[Editor's Note: It should not be the case, yet for many PR firms DEI still seems like an add-on, a box for checking or the reason for a once-yearly celebration. Similarly, as an add-on, it's constantly evading obstacles, such as budget cuts during COVID or in the wake of a possible recession. As such, we asked DEI leaders for their view. On a scale of one through five, what's DEI's grade? The results indicate much work remains.
As such, our panelists offered DEI tactics, including goal-setting, pipeline investment and periodic retreats for checking progress.
Panel members were: Lisa Garcia, partner, COO, Sachs Media, Daniela Herrera, dand Helen Shelton, global chief diversity officer, Finn Partners. Remarks were edited lightly.]
PRNEWS: We can agree that if DEI doesn’t permeate a company, its results will be uneven. So, how do you build a DEI culture and communicate it?
Daniela Herrera: Before communicating [externally], you actually have to make sure that you are doing the work.
Herrera: So many things come into play. A lot of people still see D&I as a political issue. So many companies may steer clear from saying anything [about it]…But, you also want to make sure that what you're communicating is true, what is actually happening in your company.
And then what happens is for so many companies, and so many executives, there is this…fight in terms of transparency. ‘Is [our record on diversity] something that we want to communicate? Do we want to put our diversity numbers for everyone to see when we know that our company is not that diverse? Do we want to open up the door for a pay transparency type of conversation when we know that that's going to open up a whole different can of worms?’
So, if you're going to [talk about diversity], make sure that you are doing the work. And then, with the communication, communicate in the most intentional, inclusive and equitable way possible.
PRNEWS: Lisa, same question.
Lisa Garcia: We are a small public relations firm. So, I always think, Is what we're doing impactful enough? And the answer is yes. Even if you're a small company…everything you do to improve equity in the workplace is going to be a phenomenal change.
Yet I know incremental changes are not cutting it anymore.
So, I like the idea of setting big, measurable goals. And, it's okay if you don't get there the first year, maybe even the second year. But the point is that you have a goal and you're going to reach it.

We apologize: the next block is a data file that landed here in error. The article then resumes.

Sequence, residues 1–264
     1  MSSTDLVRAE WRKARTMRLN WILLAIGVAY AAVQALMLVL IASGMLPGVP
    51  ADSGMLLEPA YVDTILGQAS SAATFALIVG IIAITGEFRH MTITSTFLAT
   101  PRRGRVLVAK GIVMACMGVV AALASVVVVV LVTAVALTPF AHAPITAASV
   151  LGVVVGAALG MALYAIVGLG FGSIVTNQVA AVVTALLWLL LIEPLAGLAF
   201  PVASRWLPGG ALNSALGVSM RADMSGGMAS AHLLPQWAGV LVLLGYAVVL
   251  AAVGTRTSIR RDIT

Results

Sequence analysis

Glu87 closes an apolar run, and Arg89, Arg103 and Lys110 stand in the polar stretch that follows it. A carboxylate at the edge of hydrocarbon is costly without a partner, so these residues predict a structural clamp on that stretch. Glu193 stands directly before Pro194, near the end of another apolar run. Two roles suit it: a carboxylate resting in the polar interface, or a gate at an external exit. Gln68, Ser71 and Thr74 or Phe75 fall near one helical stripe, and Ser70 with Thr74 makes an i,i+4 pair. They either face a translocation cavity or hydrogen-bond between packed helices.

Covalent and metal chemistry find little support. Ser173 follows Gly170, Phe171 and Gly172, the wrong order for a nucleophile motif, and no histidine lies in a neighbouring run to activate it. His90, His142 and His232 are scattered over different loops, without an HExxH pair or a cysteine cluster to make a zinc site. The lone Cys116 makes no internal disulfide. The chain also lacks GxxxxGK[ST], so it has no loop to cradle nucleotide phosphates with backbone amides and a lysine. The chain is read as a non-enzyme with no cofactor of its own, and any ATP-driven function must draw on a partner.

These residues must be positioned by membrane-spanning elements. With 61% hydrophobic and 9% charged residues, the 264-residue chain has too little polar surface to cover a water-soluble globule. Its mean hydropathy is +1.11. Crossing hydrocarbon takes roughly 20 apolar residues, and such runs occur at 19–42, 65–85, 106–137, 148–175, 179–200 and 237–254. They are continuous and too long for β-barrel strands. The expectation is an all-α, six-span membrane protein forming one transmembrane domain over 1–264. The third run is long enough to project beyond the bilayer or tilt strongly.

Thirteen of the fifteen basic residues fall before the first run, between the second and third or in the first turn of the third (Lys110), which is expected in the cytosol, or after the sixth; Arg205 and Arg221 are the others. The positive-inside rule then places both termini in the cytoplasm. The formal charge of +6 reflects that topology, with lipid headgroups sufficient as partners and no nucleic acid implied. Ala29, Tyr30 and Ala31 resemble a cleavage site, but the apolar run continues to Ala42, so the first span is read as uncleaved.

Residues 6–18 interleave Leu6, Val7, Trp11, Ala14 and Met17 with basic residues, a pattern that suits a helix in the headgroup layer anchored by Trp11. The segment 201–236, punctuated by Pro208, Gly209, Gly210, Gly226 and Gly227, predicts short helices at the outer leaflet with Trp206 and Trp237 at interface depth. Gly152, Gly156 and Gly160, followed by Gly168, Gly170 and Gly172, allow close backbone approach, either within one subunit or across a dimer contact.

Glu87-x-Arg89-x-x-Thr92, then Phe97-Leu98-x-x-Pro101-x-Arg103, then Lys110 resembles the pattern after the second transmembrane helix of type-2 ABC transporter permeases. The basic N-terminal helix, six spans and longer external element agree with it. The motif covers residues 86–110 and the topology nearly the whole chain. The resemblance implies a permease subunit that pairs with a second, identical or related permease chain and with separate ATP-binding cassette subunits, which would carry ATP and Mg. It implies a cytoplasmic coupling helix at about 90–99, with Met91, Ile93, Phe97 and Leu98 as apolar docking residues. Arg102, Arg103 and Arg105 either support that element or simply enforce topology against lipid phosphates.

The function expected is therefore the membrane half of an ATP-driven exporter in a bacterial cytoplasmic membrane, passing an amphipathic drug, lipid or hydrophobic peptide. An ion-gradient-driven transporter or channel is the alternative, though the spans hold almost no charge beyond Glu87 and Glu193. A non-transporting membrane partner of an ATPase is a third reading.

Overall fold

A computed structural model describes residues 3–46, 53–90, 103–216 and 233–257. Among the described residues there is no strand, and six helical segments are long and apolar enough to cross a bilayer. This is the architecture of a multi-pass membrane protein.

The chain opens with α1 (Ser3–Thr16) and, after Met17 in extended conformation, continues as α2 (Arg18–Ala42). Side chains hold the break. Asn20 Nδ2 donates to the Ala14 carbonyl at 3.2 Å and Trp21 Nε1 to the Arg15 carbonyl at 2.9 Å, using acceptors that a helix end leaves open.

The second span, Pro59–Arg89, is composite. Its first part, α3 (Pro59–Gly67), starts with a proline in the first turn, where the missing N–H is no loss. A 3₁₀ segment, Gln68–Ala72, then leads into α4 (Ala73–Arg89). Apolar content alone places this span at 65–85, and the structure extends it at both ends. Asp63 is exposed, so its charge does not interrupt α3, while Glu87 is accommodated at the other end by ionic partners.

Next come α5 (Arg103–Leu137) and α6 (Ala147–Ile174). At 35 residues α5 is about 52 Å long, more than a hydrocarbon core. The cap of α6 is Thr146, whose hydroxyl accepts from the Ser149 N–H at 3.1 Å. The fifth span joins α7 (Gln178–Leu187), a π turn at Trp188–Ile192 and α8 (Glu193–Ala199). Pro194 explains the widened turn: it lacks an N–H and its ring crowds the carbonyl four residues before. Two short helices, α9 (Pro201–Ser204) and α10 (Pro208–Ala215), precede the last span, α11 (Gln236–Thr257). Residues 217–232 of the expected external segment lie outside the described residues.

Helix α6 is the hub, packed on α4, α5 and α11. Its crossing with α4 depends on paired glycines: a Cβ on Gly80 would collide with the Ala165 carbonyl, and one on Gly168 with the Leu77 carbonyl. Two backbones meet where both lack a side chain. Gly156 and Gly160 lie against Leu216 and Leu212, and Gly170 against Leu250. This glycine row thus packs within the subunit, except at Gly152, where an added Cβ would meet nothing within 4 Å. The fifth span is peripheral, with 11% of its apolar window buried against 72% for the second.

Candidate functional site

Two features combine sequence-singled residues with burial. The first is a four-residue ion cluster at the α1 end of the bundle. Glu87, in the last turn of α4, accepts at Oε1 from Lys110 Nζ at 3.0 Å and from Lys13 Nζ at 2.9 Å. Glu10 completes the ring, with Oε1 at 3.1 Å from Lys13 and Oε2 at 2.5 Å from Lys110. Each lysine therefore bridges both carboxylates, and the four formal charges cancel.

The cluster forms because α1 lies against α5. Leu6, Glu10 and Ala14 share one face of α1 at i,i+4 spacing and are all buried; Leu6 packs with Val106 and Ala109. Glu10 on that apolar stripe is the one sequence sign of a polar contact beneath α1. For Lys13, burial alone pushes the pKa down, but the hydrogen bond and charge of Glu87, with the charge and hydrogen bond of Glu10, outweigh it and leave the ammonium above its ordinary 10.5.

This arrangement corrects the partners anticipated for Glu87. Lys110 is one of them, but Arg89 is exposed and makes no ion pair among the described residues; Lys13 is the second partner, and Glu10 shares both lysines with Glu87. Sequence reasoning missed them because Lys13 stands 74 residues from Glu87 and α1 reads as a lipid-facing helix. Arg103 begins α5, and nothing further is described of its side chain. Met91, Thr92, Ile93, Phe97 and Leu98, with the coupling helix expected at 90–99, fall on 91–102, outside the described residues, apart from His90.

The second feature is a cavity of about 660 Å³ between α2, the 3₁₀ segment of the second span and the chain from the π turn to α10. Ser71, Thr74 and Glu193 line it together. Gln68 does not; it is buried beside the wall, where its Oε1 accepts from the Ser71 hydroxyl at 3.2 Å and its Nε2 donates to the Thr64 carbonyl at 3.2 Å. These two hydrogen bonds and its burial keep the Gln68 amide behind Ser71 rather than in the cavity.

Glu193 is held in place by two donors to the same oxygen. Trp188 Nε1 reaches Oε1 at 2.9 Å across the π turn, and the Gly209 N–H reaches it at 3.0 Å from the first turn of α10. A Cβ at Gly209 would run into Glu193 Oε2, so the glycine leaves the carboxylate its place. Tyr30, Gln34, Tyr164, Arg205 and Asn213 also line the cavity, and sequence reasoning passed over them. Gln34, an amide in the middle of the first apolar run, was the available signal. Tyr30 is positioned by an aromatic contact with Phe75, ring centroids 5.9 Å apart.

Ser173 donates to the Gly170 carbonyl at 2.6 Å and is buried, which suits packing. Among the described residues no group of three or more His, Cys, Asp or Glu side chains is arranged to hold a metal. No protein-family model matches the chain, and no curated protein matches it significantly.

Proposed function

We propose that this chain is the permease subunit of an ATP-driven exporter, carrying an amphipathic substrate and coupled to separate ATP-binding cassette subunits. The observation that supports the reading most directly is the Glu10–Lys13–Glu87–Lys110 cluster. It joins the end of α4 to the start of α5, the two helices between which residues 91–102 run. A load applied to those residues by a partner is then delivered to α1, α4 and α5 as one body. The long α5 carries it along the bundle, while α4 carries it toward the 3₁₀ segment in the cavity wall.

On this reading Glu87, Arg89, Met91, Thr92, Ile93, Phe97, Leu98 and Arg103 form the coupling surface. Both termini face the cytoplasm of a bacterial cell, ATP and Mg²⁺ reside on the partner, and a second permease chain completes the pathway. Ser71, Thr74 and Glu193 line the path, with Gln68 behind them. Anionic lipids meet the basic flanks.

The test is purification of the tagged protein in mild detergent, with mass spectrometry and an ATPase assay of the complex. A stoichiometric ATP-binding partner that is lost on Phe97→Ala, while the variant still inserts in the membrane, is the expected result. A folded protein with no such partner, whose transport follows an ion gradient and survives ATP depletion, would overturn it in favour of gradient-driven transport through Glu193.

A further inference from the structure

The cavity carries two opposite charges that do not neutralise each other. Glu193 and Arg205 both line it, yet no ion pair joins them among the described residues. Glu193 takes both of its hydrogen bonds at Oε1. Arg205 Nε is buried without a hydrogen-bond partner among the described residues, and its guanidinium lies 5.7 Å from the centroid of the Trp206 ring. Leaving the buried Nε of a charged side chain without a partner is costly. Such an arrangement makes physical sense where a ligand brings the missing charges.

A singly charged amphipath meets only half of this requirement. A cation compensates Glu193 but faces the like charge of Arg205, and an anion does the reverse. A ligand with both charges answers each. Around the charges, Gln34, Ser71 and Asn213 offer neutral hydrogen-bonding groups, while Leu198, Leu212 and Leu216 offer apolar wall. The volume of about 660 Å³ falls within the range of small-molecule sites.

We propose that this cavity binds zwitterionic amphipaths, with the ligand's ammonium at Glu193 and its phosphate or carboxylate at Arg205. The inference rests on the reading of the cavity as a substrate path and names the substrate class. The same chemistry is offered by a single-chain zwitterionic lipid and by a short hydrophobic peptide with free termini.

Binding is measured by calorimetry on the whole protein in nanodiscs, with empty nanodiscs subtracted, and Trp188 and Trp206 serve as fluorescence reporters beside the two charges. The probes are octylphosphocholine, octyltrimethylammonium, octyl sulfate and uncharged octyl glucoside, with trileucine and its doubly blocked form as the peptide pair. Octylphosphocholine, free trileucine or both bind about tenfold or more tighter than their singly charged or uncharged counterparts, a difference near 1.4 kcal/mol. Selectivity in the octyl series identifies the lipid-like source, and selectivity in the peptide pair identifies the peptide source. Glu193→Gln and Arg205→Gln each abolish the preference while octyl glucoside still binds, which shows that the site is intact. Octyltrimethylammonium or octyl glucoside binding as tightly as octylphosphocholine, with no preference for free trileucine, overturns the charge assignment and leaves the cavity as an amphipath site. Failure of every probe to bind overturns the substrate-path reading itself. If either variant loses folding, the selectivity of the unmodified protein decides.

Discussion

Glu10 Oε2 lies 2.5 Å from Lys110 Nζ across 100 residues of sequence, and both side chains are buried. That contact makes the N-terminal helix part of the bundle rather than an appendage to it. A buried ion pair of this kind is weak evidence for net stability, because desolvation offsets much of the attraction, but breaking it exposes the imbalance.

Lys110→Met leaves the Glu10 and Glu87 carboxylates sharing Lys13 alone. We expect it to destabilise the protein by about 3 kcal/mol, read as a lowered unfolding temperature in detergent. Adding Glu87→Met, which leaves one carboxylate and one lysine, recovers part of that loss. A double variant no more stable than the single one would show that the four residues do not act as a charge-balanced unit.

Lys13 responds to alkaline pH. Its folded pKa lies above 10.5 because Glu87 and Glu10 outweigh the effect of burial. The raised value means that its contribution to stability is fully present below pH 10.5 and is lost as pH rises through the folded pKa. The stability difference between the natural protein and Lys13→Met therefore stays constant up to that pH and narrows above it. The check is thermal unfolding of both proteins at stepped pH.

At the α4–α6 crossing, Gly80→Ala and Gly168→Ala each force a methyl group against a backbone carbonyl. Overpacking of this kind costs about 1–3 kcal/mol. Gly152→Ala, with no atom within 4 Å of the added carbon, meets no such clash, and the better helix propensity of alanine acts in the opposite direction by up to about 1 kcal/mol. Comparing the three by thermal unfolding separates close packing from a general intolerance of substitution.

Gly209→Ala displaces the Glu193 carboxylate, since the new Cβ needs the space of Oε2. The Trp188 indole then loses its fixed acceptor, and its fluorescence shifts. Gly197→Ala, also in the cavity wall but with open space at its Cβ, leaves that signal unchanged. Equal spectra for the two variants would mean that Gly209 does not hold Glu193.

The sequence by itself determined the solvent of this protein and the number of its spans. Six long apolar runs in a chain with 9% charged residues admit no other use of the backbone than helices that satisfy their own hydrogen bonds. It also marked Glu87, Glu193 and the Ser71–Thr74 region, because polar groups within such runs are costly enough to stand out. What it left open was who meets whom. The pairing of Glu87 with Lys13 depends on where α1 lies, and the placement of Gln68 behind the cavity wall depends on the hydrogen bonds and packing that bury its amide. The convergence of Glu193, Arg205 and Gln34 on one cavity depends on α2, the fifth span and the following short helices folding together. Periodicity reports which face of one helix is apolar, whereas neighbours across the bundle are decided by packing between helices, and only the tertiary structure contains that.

And you're going to have the consensus of the leadership to make sure that you reach those goals. So, I think the most important thing is to not become overwhelmed with trying to do everything, because you can't do everything, but take on what you can take on for your particular company, and your budget.
PRNEWS: Helen, you’re at a relatively large firm. Do you agree with Lisa about goal-setting?
Helen Shelton: I think it's critical. It's like anything in life. If you want to make something happen, you need to start with a goal.
And I agree that you should have lofty goals… but you should have strategic intervals, mileposts, where you can stop, take stock and see where you're headed.
Unfortunately, a lot of people panic when they think about diversity numbers and diversity data. ‘Oh, we're not diverse enough.’ Instead, use that same energy to address the issue.
We have to have clear goals; we have to stick to them. And we have to hold ourselves accountable and put in the steps that it takes to do it.
People complain, ‘We're not diverse; we need to be more diverse.’
Well, then be diverse.
Embrace diversity. Diversify your recruiting efforts. Invest in initiatives that are going to make everyone feel welcome. Establish those things, as a company, that are going to attract people of diverse backgrounds and make them want to stay and grow with your company.
PRNEWS: Let’s talk investment and dream a bit. Budgets are limitless, and you are CEO of the entire PR industry. How will you invest in DEI or what action will you take on DEI? Daniela?
Herrera: I would love to pause, stop everything that we're doing for whatever time it might take. Maybe it's a week, maybe it's two weeks. Really pause and work with a DEI strategist...and take a very deep dive into our systems and to our processes, our programs the way that we actually work. The way that we do every single, tiny thing.
I think that changes in diversity and inclusion don't really happen if you're not making changes at the systemic level. You can invest in trainings, you can invest in hiring diverse talent.
But if all of those efforts are all over the place, they're not systematic. They're not fully embedded into what a company or an industry actually does and believes. That’s going to fail. We are going to fall into the same vices and the same processes that we've been following all over the place.
So, that's what I would do. I would stop everyone…[and] review, deconstruct, reconstruct all of the processes. Fully and intentionally embedding systemic change and intentional, inclusive intentionality throughout the entire thing.
Garcia: I agree with Dani. Streamlining these methods is very important. One of the biggest problems is that we have too many people doing too many things. And it's very confusing.
But I also believe in data-driven results. We're in business to make money. So, I would conduct a comprehensive economic-impact analysis, looking at businesses that prioritize DEI and those that do not.